Gastritis in Dogs - Causes and risk factors

Diagnosing gastritis in dogs

The initial diagnosis is made based on medical history and symptoms present in your dog. In addition, the vet will want to know your animal's eating habits, if they take food from the bin, if they chew furniture and clothes, if they have had access to places where poison or drugs are stored, what their normal diet is and if they have been treated for any other diseases. They will also physically examine the dog, looking inside their mouth and touching their neck, chest, belly and flanks.

Diagnosis of canine gastritis may require a blood test to see if there are toxins or diseases that have not been considered. X-rays and ultrasounds may also be needed to see if there is a foreign object in their stomach. When chronic gastritis is suspected, the vet may request a biopsy of the gastric mucosa.

Gastritis in Dogs - Diagnosing gastritis in dogs

Treatment for canine gastritis

Treatment of canine gastritis usually starts by stopping your pet's food intake for a period of time, which can range from 12 to 48 hours. In some cases the vet may recommend also limiting the amount of water ingested, but without stopping it completely. In addition, the vet will recommend a suitable diet that normally has to be given in small, frequent servings until the gastritis has healed.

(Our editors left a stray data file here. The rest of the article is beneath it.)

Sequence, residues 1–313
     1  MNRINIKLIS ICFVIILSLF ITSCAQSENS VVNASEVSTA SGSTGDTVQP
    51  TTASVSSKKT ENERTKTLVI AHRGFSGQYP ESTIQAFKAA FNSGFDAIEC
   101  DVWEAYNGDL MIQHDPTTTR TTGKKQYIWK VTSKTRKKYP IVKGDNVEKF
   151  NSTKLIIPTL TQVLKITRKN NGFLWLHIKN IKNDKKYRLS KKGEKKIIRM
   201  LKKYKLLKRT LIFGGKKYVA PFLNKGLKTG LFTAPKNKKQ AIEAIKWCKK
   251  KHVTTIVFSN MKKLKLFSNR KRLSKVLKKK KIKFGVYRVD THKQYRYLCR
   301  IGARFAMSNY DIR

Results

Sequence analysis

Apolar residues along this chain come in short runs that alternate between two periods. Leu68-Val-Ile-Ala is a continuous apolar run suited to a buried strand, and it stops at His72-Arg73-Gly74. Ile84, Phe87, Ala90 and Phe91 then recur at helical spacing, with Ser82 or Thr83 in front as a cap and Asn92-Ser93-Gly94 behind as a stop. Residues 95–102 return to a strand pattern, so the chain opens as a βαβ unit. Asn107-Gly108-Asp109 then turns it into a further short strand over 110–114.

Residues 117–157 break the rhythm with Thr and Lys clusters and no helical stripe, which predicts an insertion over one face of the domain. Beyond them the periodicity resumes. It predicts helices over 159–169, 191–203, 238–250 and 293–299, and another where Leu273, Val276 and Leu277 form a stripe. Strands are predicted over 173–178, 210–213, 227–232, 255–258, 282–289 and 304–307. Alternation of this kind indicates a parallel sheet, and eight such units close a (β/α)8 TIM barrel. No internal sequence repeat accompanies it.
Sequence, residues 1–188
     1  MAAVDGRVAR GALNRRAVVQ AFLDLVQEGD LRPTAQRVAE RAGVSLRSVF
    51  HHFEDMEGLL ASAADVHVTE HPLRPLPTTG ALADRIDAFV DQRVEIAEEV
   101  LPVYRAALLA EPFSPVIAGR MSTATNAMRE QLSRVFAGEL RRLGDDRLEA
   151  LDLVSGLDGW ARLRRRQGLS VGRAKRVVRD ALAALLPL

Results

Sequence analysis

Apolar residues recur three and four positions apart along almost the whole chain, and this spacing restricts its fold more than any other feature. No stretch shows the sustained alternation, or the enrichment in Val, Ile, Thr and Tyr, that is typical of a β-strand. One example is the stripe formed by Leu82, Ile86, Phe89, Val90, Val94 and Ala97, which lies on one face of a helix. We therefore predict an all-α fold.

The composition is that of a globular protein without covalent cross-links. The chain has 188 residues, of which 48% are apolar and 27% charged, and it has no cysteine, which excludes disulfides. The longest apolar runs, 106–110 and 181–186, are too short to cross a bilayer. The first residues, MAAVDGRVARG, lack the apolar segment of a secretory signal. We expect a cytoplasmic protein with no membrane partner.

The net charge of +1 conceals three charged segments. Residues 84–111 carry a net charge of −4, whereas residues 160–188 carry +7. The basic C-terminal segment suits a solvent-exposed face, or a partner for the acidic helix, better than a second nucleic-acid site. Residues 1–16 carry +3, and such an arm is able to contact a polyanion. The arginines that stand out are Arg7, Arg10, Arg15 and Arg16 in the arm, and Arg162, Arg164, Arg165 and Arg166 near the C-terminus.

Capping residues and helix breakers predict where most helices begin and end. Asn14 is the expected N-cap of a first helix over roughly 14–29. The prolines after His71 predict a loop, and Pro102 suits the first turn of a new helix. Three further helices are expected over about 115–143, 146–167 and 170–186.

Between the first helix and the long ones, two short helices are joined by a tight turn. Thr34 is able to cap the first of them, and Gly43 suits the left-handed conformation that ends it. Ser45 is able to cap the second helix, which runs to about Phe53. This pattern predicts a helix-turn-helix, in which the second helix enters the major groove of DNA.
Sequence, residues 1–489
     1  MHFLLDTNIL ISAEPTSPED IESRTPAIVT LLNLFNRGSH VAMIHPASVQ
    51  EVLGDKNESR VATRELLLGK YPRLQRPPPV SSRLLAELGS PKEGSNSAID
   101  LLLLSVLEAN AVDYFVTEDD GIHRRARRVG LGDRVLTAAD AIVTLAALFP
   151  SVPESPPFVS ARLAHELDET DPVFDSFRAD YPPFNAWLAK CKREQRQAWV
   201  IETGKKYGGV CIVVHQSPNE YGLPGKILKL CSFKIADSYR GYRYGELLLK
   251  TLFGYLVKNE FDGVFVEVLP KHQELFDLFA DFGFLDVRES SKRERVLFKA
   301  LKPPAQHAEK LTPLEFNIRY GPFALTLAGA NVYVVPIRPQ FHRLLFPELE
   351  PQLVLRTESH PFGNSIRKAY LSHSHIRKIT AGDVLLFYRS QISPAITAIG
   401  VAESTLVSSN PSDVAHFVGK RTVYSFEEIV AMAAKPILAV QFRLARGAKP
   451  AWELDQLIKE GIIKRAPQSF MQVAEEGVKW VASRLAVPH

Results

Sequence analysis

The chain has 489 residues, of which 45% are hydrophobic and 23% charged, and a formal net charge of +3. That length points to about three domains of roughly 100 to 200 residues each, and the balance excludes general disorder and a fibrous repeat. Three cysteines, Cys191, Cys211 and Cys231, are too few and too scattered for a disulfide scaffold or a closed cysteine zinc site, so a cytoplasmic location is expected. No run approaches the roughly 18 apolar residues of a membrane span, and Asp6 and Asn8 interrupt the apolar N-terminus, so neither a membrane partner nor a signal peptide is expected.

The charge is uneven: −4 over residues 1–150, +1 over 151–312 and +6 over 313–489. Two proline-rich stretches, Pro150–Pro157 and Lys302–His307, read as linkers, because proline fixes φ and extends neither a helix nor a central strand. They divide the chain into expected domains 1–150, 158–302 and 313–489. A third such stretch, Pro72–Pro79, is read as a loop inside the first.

If necessary, the vet will prescribe antibiotics, corticosteroids, antiemetics (to prevent vomiting) or other drugs that may be deemed appropriate for each individual case. If the gastritis is caused by a foreign object in the stomach, usually the only solution is surgery.

Most cases of gastritis in dogs have a good prognosis after treatment. However, gastritis caused by cancer and other systemic diseases may have a less favorable prognosis.

Gastritis in Dogs - Treatment for canine gastritis

Prevention of gastritis in dogs

As with most diseases, the best treatment is always prevention. And to prevent canine gastritis, AnimalWised recommends that you consider the following tips:

  • Prevent your dog from stealing food from the bin.
  • Do not allow your dog to go out alone and wander around the neighborhood.
  • Make sure your dog has no access to drugs and toxic substances.
  • Make sure they don't overeat.
  • Do not feed them leftovers (especially at parties) in addition to their regular food.
  • Do not give them foods that provoke allergies.
  • Be up to date with puppy and adult vaccinations.

This article is purely informative. AnimalWised does not have the authority to prescribe any veterinary treatment or create a diagnosis. We invite you to take your pet to the veterinarian if they are suffering from any condition or pain.

If you want to read similar articles to Gastritis in Dogs, we recommend you visit our Intestinal problems category.

Write a comment about Gastritis in Dogs

Add an image
Click to attach a photo related to your comment
What did you think of this article?

Gastritis in Dogs
1 of 4
Gastritis in Dogs

Back to top